Probus v. Tindell

Filing 7

MEMORANDUM OPINION AND ORDER by Senior Judge Joseph H. McKinley, Jr. on 3/25/2024: IT IS ORDERED that Defendant's motion to dismiss 6 is granted. The Court will enter a separate order of dismissal. cc:counsel; Plaintiff, pro se (EAS)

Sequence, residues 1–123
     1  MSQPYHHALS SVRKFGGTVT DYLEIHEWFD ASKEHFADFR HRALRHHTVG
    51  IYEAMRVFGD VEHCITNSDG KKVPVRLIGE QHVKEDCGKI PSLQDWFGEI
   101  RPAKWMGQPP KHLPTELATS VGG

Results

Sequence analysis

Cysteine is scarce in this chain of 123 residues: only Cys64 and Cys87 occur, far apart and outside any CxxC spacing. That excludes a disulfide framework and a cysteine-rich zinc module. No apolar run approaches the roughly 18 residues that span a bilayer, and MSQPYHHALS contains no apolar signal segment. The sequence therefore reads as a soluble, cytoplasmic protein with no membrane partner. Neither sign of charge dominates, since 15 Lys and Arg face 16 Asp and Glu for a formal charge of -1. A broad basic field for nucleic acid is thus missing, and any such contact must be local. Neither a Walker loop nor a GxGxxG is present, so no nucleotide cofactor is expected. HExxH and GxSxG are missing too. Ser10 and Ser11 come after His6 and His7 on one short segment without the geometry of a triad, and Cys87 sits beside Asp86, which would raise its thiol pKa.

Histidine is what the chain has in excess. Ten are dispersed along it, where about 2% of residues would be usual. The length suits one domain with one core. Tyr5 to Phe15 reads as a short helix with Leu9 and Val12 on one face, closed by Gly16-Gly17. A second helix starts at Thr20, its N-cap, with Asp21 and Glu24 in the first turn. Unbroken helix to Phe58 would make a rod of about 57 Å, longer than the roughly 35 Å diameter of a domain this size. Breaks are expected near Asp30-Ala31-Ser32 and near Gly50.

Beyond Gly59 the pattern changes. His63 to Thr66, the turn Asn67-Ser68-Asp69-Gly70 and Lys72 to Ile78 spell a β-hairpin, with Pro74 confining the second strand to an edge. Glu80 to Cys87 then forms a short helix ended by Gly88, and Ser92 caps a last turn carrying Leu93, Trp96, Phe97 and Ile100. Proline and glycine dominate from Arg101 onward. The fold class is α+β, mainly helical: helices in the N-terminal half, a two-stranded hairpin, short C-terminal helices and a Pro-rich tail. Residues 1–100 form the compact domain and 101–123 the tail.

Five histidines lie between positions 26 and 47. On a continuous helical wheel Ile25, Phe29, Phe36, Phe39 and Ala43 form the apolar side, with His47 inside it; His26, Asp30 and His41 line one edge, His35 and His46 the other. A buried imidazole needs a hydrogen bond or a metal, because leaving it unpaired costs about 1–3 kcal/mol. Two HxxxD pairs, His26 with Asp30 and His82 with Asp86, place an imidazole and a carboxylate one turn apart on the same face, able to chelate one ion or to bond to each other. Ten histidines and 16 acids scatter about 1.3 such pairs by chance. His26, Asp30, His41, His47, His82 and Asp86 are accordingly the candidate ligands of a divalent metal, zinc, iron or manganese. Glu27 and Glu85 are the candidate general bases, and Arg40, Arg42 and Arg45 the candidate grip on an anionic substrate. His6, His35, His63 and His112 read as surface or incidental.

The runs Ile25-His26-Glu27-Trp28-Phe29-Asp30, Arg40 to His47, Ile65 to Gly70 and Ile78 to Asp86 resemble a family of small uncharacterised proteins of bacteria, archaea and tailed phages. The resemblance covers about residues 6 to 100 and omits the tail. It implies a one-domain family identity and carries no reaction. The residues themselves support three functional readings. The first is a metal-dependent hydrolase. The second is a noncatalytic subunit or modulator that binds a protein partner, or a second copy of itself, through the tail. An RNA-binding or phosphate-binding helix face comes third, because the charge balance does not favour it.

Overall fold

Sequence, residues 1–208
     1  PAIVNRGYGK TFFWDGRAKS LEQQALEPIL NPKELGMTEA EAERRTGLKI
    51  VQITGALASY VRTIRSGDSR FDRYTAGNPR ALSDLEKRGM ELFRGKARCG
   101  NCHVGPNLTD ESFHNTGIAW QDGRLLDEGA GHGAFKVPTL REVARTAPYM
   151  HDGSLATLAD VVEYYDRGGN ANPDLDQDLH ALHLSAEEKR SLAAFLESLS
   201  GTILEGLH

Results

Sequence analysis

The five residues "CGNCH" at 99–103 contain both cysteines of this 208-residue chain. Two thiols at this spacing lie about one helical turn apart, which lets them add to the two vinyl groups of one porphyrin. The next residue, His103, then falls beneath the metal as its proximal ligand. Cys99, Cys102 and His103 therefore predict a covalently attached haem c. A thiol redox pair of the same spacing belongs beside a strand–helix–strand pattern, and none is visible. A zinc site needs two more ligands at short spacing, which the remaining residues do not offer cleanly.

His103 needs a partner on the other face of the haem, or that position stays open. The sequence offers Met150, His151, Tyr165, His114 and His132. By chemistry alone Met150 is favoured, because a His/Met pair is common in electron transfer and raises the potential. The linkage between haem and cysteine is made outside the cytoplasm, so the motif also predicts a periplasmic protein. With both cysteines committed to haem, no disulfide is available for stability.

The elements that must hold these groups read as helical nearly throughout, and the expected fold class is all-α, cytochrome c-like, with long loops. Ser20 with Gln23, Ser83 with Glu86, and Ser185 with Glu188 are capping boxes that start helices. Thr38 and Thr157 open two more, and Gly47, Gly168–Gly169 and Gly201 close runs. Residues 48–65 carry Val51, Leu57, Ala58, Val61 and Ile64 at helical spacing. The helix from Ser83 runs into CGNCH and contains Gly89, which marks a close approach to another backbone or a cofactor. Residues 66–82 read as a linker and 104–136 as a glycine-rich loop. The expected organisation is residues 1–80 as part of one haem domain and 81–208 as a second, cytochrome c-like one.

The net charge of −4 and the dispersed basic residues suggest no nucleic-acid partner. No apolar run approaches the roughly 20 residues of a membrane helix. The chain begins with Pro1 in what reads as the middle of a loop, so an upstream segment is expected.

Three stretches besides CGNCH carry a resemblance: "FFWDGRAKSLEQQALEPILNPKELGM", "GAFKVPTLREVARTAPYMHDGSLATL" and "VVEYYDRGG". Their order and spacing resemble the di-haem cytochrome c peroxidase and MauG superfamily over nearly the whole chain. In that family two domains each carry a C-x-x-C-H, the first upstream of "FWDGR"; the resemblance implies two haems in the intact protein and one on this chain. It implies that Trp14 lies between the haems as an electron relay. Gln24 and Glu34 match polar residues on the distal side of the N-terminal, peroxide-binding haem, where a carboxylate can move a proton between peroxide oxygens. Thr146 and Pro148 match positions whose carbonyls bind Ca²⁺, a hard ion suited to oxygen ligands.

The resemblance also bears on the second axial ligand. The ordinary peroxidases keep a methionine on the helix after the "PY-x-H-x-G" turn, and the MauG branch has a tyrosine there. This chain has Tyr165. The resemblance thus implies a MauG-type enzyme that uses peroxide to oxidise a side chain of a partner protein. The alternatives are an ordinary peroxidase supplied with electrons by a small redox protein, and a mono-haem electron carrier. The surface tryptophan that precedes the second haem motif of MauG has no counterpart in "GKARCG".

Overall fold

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UNITED STATES DISTRICT COURT WESTERN DISTRICT OF KENTUCKY LOUISVILLE DIVISION PERRY PROBUS PLAINTIFF v. CIVIL ACTION NO. 3:23-CV-P592-JHM JEFF TINDALL DEFENDANT MEMORANDUM OPINION AND ORDER Before the Court is the motion to dismiss pursuant to Federal Rule of Civil Procedure 12(b)(6) filed by Defendant Jeff Tindell, Oldham County Jailer. Upon review, the Court will grant the motion to dismiss as set forth below. I. Plaintiff, an inmate at the Oldham County Detention Center (OCDC), initiated this action by filing his complaint, titled Petition for Declaration of Rights, in Kentucky state court. Plaintiff alleges that a check for $1699.21 was fraudulently deposited and cashed without his permission when he was transferred from the Eastern Kentucky Correctional Complex (EKCC) to the OCDC. DN 2, PageID #: 6-7. He claims that his right to due process was violated by the cashing of the check without his signature and/or permission. Id. at PageID #: 6. As relief, Plaintiff requests a declaration that Defendant’s actions violated his rights to procedural due process, due process, fair hearing, and equal protection of the law. Id. at PageID #: 8. He also requests an order for Defendant “to overturn the punitive actions and reimburse [him] the proper amount with interest.” Id. Plaintiff attaches his OCDC inmate trust account statement showing that on November 2, 2022, the $1699.21 check he refers to in his complaint was deposited and three “contract payments” were deducted from the amount, leaving $809.61. Id. at PageID #: 11. He also attaches to his complaint letters to Defendant and to EKCC discussing the “fraudulent” depositing of his check in his OCDC inmate account by an unknown employee and his attempt to have EKCC stop payment on the check. Id. at PageID #: 12-15. EKCC responded, stating that it had contacted OCDC and had learned that checks are automatically deposited; that Plaintiff owed some liens from previous times he was incarcerated at OCDC; and that the money was taken to pay those debts. Id. at PageID #: 16. Defendant removed the lawsuit to this Court and filed a motion to dismiss the complaint for failure to state a claim upon which relief may be granted (DNs 1 and 6).1 In his motion to dismiss (DN 6), Defendant argues that Plaintiff’s claim is not ripe for adjudication; that he is qualifiedly immune on the individual-capacity state and federal claims; and that Plaintiff’s dueprocess rights have not been violated. According to Defendant, when Plaintiff was transferred from EEKC to OCDC, EKCC issued a check to Plaintiff for $1,699.21 for the remaining balance in his inmate canteen account. When he arrived at OCDC, “jail staff, in compliance with OCDC’s written policy, confiscated the check, cashed it, deducted fees which were owed to OCDC by Plaintiff, and deposited the remainder into Plaintiff’s inmate canteen account.” DN 6-1, PageID #: 47. Defendant attaches the grievance referred to in the complaint. In that grievance, Plaintiff states that OCDC collected over $809 in fees “for a case that was vacated and overturned.” DN 6-5, PageID #: 90. Plaintiff’s grievance stated, “I was placed in jail for crime that has been reversed.” The response to the grievance notes that an order vacating and overturning is not effective until the appeal process is over, but also notes that the money collected from his check 1 Plaintiff did not move for remand to the state court or file a response to Defendant’s motion to dismiss. 2 “was from when you were incarcerated on 3 different occasions where you were housed as a county inmate.” Id. Defendant also attaches a printout from the Kentucky courts’ internet site ( of Plaintiff’s various criminal cases in Oldham Circuit Court, No. 15-CR00098, in which his 2017 convictions were vacated in 2022 and an appeal in the Kentucky Court of Appeals (No. 2022-CA-1376) is still pending. DN 6-4, PageID #: 69-89. II. In arguing that Plaintiff’s claim is not ripe, Defendant concentrates his argument on Plaintiff’s referral in his grievance to the removal of over $809 in fees from his check despite his 2017 convictions having been vacated. Defendant argues that Plaintiff’s claim is not ripe for adjudication until and unless the court order vacating his 2017 conviction is affirmed by the appellate court because, under the Kentucky Rules of Criminal Procedure, a Kentucky trial court’s order vacating a criminal sentence “shall not be effective until expiration of time for notice of appeal under RCr 12.04 and shall remain suspended until final disposition of an appeal duly taken and perfected.” Ky. R. Crim. P. 11.42(8). Although not mentioned in the complaint or its attachments, it is Ky. Rev. Stat. § 441.265, cited by Defendant, which provides the background necessary to understanding this case. Section 441.265(1) provides in part: (1) (a) A prisoner in a county jail shall be required beginning from the prisoner’s booking date to reimburse the county for expenses incurred by reason of the prisoner’s confinement as set out in this section, except for good cause shown. (b) If the prisoner is not convicted of any charges brought as a result of the prisoner’s arrest, the county jail shall waive any outstanding expenses owed by the prisoner and reimburse the prisoner for any expenses already paid to the county jail for confinement due to that arrest, but the county jail shall not be required to waive or reimburse any expenses incurred by the prisoner for confinement related 3 to a prior arrest, or for property damage or injury caused by the prisoner while confined to the jail. Ky. Rev. Stat. § 441.265 (emphasis added). Subsections (2)-(9) of § 441.265 address the processes for collection and reimbursement of fees. Specifically, “[p]ayment of any required fees may be automatically deducted from the prisoner’s property or canteen account. . . . If funds become available or if the prisoner reenters the jail at a later date, the fees may be deducted from the prisoner’s property or canteen account.” § 441.265(6) (emphasis added). “Ripeness is a justiciability doctrine designed ‘to prevent the courts, through premature adjudication, from entangling themselves in abstract disagreements.’” Kentucky Press Ass’n, Inc. v. Kentucky, 454 F.3d 505, 509 (6th Cir. 2006) (quoting Thomas v. Union Carbide Agric. Prods. Co., 473 U.S. 568, 580 (1985) (internal quotation omitted)). A case is not ripe for review when it depends on “contingent future events that may not occur as anticipated, or indeed may not occur at all.” Thomas, 473 U.S. at 580–81 (internal quotation marks and citation omitted). Because the question of ripeness is jurisdictional, a motion to dismiss based on ripeness “is more appropriately considered as a Rule 12(b)(1) motion to dismiss for lack of subject matter jurisdiction” rather than a Rule 12(b)(6) motion for failure to state a claim. Hockman v. Schuler, No. 07-CV-14268, 2009 WL 1585826, at *2 (E.D. Mich. June 5, 2009). “‘If a claim is unripe, federal courts lack subject matter jurisdiction and the complaint must be dismissed.’” Dealer Computer Servs., Inc. v. Dub Herring Ford, 547 F.3d 558, 560 (6th Cir. 2008) (quoting River City Capital, L.P. v. Bd. of Cnty. Comm’rs, 491 F.3d 301, 309 (6th Cir. 2007) (citation and internal quotation marks omitted)). In determining whether a case is ripe for adjudication, the court examines (1) the likelihood that the harm alleged will ever come to pass, (2) whether the factual record is sufficiently developed to allow adjudication, and (3) the hardship to the parties if judicial review is denied. See Norton v. Ashcroft, 298 F.3d 547, 554 (6th Cir. 2002). 4 A motion to dismiss filed pursuant to Rule 12(b)(1) may challenge subject-matter jurisdiction in two ways: a facial attack or a factual attack. See Gentek Bldg. Prods., Inc. v. Sherwin–Williams Co., 491 F.3d 320, 330 (6th Cir. 2007). “A facial attack on the subject-matter jurisdiction alleged in the complaint questions merely the sufficiency of the pleading.” Id. (citing Ohio Nat’l Life Ins. Co. v. United States, 922 F.2d 320, 325 (6th Cir. 1990)). When reviewing a facial attack, the court is instructed to take the allegations in the complaint as true. Id. However, as is the case here, if Defendant brings a factual attack on the subject-matter jurisdiction alleged in the complaint, no presumptive truthfulness applies to the allegations. Id. In fact, “the district court must weigh the conflicting evidence to arrive at the factual predicate that subject-matter does or does not exist.” Id.; see also Glob. Tech., Inc. v. Yubei (XinXiang) Power Steering Sys. Co., 807 F.3d 806, 810 (6th Cir. 2015). Given that the order vacating Plaintiff’s 2017 convictions is still on appeal, Plaintiff’s claim is not ripe and may not become ripe even if the appellate court affirms because it is not clear which incarceration at OCDC the fees were collected or that Defendant will refuse to reimburse the fees collected for incarceration related to the 2017 conviction. In an analogous case, Sickles v. Campbell Cnty., Ky., 501 F.3d 726, 729 (6th Cir. 2007), the Sixth Circuit considered the ripeness of a claim in which the county jail withheld funds to offset fees from a pretrial detainee, Hensley, who was then released on bail. Because § 441.265 provides that, if acquitted, the county would be required to reimburse the withheld fees to him, the Sixth Circuit reasoned that only if Hensley was “acquitted and only if the county retains the previously withheld funds would his claim ripen into a live dispute.” Id. at 732. Further, in considering whether there will be hardship to the parties if judicial review is denied, see Norton, 298 F.3d at 554, the Court finds that withholding judicial relief will not unduly 5 harm Plaintiff. A reimbursement process is in place which Defendant acknowledges, stating that he “does not dispute that, should the Order vacating the 2017 Convictions be affirmed by the Kentucky Appellate Court, Plaintiff may be (but not necessarily will be) entitled to reimbursement of some or all of the fees deducted by OCDC,” dependent on whether those expenses were incurred because of the 2017 convictions. DN 6-1, PageID #: 49. The Court concludes that Plaintiff’s claim is not ripe and, consequently, that this case must be dismissed. 2 See Dealer Computer Servs, 547 F.3d at 560; River City Capital, 491 F.3d at 309. III. For the foregoing reasons, IT IS ORDERED that Defendant’s motion to dismiss (DN 6) is GRANTED. The Court will enter a separate order of dismissal. Date: March 25, 2024 cc: Plaintiff, pro se Counsel of record 4414.009 Because the Court determines that Plaintiff’s claim is not ripe, the Court does not consider Defendant’s other grounds. The Court notes, however, that the Sixth Circuit has considered whether § 441.265 is violative of a prisoner’s procedural due-process right and has held that it is not. See, e.g., Sickles, 501 F.3d at 731–32; Jones v. Clark Cnty., 666 F. App’x 483, 484 (6th Cir. 2016). 2 6